NET Power technology for power generation

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The system produces substantially pure CO2 at pipeline pressure for sequestration.

A power generation system has been proposed by British researcher Rodney Allam that claims to efficiently sequester CO2 and separate other pollutants. Termed as NET Power, the technology is capable of utilizing natural gas, coal, or biomass and does not need water to operate. 


The invention provides methods and system for power generation using a high efficiency combustor (e.g., a transpiration cooled combustor) in combination with a circulating fluid (e.g., a C02 circulating fluid). The circulating fluid can be introduced into the combustor along with a fuel and an oxidant for combustion such that a high pressure, high temperature fluid stream is produced comprising the circulating fluid and combustion products. The fluid stream can be introduced into a turbine.

The fluid stream can be maintained at a relatively high pressure during expansion in the turbine such that the pressure ratio across the turbine (i.e., the ratio of the pressure at the turbine inlet and the pressure at the turbine outlet) is less than about 12. The fluid stream can then be further processed for separation of the components of the fluid stream, which can include passing the fluid stream through a heat exchanger.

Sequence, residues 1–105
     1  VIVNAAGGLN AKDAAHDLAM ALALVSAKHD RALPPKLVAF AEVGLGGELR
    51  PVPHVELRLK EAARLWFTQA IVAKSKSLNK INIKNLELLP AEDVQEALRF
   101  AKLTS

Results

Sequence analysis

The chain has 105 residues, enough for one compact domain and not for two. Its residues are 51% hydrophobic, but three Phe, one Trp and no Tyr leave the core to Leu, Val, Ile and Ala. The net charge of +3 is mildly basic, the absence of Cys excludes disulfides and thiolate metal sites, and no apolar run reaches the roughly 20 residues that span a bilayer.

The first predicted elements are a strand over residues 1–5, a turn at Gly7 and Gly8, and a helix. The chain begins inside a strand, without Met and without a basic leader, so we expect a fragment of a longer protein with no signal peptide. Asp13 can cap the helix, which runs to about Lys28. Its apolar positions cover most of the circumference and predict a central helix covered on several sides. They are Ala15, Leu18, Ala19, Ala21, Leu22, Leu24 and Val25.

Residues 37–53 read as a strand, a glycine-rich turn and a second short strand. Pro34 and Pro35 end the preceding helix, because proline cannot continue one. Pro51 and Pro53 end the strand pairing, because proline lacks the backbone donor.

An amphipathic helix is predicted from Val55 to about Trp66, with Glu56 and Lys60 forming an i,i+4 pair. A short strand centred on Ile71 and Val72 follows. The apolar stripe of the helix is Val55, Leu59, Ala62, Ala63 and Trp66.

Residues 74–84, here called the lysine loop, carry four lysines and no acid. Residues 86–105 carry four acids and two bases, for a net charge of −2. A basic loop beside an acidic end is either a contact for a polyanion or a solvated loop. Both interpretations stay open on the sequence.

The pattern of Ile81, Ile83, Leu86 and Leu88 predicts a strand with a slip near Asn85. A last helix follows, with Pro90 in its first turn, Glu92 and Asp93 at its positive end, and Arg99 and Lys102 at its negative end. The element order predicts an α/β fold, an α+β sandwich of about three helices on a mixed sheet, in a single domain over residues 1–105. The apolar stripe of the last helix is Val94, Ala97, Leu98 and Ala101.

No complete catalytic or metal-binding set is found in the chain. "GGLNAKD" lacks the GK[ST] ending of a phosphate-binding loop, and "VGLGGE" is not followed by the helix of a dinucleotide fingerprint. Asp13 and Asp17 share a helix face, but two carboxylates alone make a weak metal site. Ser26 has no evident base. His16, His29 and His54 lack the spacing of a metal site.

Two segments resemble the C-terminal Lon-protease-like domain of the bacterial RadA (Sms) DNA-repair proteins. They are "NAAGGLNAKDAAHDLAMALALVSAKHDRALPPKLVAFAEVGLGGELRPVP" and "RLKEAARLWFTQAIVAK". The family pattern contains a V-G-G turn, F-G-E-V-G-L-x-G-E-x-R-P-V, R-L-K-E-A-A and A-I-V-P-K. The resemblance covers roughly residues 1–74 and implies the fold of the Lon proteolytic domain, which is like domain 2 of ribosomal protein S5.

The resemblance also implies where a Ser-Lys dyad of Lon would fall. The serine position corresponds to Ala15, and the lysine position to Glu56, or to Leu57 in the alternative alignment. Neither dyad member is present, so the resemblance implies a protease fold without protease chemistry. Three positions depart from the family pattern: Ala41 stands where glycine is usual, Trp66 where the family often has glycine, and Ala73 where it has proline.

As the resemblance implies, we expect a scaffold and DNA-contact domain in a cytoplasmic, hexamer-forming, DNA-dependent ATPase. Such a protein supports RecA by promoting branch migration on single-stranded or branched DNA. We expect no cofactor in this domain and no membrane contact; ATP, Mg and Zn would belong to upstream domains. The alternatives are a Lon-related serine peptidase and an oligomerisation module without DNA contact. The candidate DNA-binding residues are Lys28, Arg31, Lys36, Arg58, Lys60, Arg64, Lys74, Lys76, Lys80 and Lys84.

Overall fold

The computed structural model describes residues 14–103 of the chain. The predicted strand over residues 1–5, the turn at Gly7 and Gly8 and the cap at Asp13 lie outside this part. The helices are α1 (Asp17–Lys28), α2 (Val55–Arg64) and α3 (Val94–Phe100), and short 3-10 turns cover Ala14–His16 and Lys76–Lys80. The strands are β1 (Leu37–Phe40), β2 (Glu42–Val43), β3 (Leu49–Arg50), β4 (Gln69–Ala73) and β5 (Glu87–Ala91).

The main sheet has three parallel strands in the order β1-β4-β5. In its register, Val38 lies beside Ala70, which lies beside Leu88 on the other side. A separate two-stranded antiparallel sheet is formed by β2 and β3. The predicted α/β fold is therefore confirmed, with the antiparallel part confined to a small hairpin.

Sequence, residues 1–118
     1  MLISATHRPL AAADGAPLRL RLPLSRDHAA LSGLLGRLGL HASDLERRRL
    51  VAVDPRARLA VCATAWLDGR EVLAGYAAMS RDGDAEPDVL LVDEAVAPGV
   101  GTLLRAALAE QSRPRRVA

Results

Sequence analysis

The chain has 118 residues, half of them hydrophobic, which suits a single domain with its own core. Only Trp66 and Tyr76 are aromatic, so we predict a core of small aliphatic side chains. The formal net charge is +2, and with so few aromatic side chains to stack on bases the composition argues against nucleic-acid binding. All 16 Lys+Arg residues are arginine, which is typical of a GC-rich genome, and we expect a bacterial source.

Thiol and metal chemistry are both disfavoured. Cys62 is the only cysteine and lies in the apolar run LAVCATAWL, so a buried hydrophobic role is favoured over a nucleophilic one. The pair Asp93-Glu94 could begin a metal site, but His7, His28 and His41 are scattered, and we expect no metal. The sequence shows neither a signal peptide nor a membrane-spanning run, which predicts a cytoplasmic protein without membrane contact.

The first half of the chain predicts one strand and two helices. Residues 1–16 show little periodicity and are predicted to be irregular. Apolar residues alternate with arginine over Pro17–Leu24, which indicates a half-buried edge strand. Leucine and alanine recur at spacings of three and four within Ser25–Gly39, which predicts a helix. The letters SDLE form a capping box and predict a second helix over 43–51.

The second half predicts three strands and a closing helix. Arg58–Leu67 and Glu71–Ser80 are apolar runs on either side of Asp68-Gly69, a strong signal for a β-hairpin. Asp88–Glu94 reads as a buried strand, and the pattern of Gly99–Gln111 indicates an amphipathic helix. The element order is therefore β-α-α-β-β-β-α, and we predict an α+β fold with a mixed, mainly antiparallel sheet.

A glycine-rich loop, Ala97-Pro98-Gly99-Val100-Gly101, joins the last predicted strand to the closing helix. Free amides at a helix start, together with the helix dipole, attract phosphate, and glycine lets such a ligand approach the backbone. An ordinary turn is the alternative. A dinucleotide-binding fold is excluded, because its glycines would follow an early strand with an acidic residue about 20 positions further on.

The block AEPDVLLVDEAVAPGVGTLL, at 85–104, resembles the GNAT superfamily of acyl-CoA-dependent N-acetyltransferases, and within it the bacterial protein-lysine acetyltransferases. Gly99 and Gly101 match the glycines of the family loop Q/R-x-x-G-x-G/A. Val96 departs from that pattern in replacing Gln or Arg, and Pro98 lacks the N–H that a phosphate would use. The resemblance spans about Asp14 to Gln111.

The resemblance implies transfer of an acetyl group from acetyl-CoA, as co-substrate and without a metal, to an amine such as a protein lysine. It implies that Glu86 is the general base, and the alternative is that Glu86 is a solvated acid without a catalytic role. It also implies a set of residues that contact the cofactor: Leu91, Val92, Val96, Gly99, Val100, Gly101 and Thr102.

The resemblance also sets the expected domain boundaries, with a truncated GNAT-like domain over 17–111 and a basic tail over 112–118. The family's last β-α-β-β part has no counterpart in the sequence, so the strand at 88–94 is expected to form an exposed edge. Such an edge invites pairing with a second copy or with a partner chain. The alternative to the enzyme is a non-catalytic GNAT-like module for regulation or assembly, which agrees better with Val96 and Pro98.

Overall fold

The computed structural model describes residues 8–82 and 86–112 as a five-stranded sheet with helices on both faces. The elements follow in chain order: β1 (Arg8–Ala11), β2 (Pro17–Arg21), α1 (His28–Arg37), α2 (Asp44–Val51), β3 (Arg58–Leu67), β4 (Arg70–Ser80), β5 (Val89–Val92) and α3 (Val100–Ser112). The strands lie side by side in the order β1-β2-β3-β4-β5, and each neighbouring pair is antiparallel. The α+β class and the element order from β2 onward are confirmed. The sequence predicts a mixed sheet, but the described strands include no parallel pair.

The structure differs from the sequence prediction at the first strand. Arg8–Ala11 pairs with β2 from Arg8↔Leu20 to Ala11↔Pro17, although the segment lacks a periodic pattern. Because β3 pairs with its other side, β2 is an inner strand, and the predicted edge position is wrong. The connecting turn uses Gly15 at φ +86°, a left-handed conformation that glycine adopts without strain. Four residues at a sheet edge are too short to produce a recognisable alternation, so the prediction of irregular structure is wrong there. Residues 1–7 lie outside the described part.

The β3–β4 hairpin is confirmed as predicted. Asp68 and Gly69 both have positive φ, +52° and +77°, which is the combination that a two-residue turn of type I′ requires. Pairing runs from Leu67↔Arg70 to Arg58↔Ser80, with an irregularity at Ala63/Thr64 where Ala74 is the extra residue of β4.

The circulating fluid (at least a portion of which may be recycled from the fluid stream) can be passed through the same heat exchanger to heat the circulating fluid prior to introduction into the combustor. The heat exchanger is operated through selection of a low grade heat source so that only a small temperature difference exists between the turbine exhaust and the recycle fluid at the hot end of the heat exchanger.

The system can produce substantially pure CO2 at pipeline pressure for sequestration. The CO2 also may be recycled into the power production system.

A wide variety of fuel sources can be used. For example, the high efficiency combustor used according to the invention can make use of gaseous (e.g., natural gas or coal derived gases), liquid (e.g., hydrocarbons, bitumen) and solid (e.g., coal, lignite, pet-coke) fuels.